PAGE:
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New ‘Suicide Pod’ Unveiled In Australia, Has A Detachable Coffin

“Glorified gas chamber”

Dr Philip Nitschke responds publicly after his de-registration from the Australian Medican Board on July 24, 2014 in Adelaide, Australia.
David Mariuz / Stringer / Getty Images

In the near future, people may be able to step inside of an all-inclusive suicide pod that not only gets the deadly job done but also provides the very capsule in which people can be buried.

 

According to LifeNews, Australian euthanasia activist Dr. Philip Nitschke, a.k.a. "Dr Death," recently unveiled his 3D printed suicide capsule that comes with a coffin.

"The death pod, also referred to as a 'glorified gas chamber' was first envisioned in 2012," reports the outlet. "It contains canisters of liquid nitrogen which is released when activated by the person inside the capsule within the pod, causing oxygen levels to plummet to very low levels and starving the individual of the air he or she needs, causing their death. The capsule is then detached from the pod and serves as a coffin for the occupant."

The capsule was unveiled at the "Disrupting Death" workshop in Queensland, Australia, and promised people that it will kill them with "style and euphoria," with Nitschke claiming that people will experience an "elegant almost euphoric" death when using the pod.

"The idea of using a machine to have absolute control really has been a long-term interest of mine," he told Exit International. "So, a person can, with minimal involvement, get into the machine and press a button for a very peaceful, elegant almost-euphoric death.”

Since suicide is not recognized as a criminal offense in Australia, the machine is not illegal.

 

The new suicide pod is a version of the "Sarco capsule" that Nitschke has been developing for years in association with his organization Exit International. Here's a brief video description:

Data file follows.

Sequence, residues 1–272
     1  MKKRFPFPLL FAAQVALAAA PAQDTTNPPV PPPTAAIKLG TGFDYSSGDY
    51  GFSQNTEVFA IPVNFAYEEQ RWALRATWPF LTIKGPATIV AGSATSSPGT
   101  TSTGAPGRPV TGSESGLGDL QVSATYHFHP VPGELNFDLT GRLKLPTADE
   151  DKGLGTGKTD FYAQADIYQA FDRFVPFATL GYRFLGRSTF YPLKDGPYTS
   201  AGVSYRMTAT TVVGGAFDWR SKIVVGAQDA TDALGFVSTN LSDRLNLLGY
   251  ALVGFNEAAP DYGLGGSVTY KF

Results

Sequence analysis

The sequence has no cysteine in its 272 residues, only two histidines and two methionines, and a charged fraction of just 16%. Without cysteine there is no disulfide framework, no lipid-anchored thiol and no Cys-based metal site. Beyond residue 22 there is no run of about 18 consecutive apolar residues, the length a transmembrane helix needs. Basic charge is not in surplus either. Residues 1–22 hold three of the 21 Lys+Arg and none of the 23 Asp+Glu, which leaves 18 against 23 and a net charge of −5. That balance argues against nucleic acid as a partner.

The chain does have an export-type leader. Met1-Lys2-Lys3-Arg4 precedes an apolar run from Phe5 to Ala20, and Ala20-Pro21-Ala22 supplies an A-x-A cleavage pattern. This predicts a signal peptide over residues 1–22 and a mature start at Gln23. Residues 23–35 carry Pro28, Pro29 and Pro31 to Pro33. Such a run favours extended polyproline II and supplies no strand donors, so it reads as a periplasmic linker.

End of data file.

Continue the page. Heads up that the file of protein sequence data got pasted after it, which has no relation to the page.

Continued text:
After taking an online mental questionnaire, people are then provided with a four-digit access code to help build the Sarco capsule via 3D printer.

 

“Sarco does not use any restricted drugs, or require any special expertise such as the insertion of an intravenous needle," Nitschke of his device. "Anyone who can pass the entry test, can enter the machine and legally end their life."

"There is no dignity, let alone beauty, lying on a rubber sheeted bed in an institution, hooked up to beeping machines working hard to provide us with a few more seconds of life," Nitschke said of his capsule this past May, according to Fast Company. "The role of design is to turn something that is hitherto thought of as terrifying, and sometimes repulsive, into something that [is] nothing to be scared of, and even something that is to be embraced. A process – an experience – that is self-directed by the person, reliable (so there can be no doubt about the outcome and there is no need to worry about failure), dignified (in that there is no need to be hooked to a machine, you don't have to undress or wear special clothing). I would also add 'bold,' in that a death in a Sarco will never be seen as a withering away. Rather, any person who would choose to use a Sarco is also making a very deliberate statement to the world."

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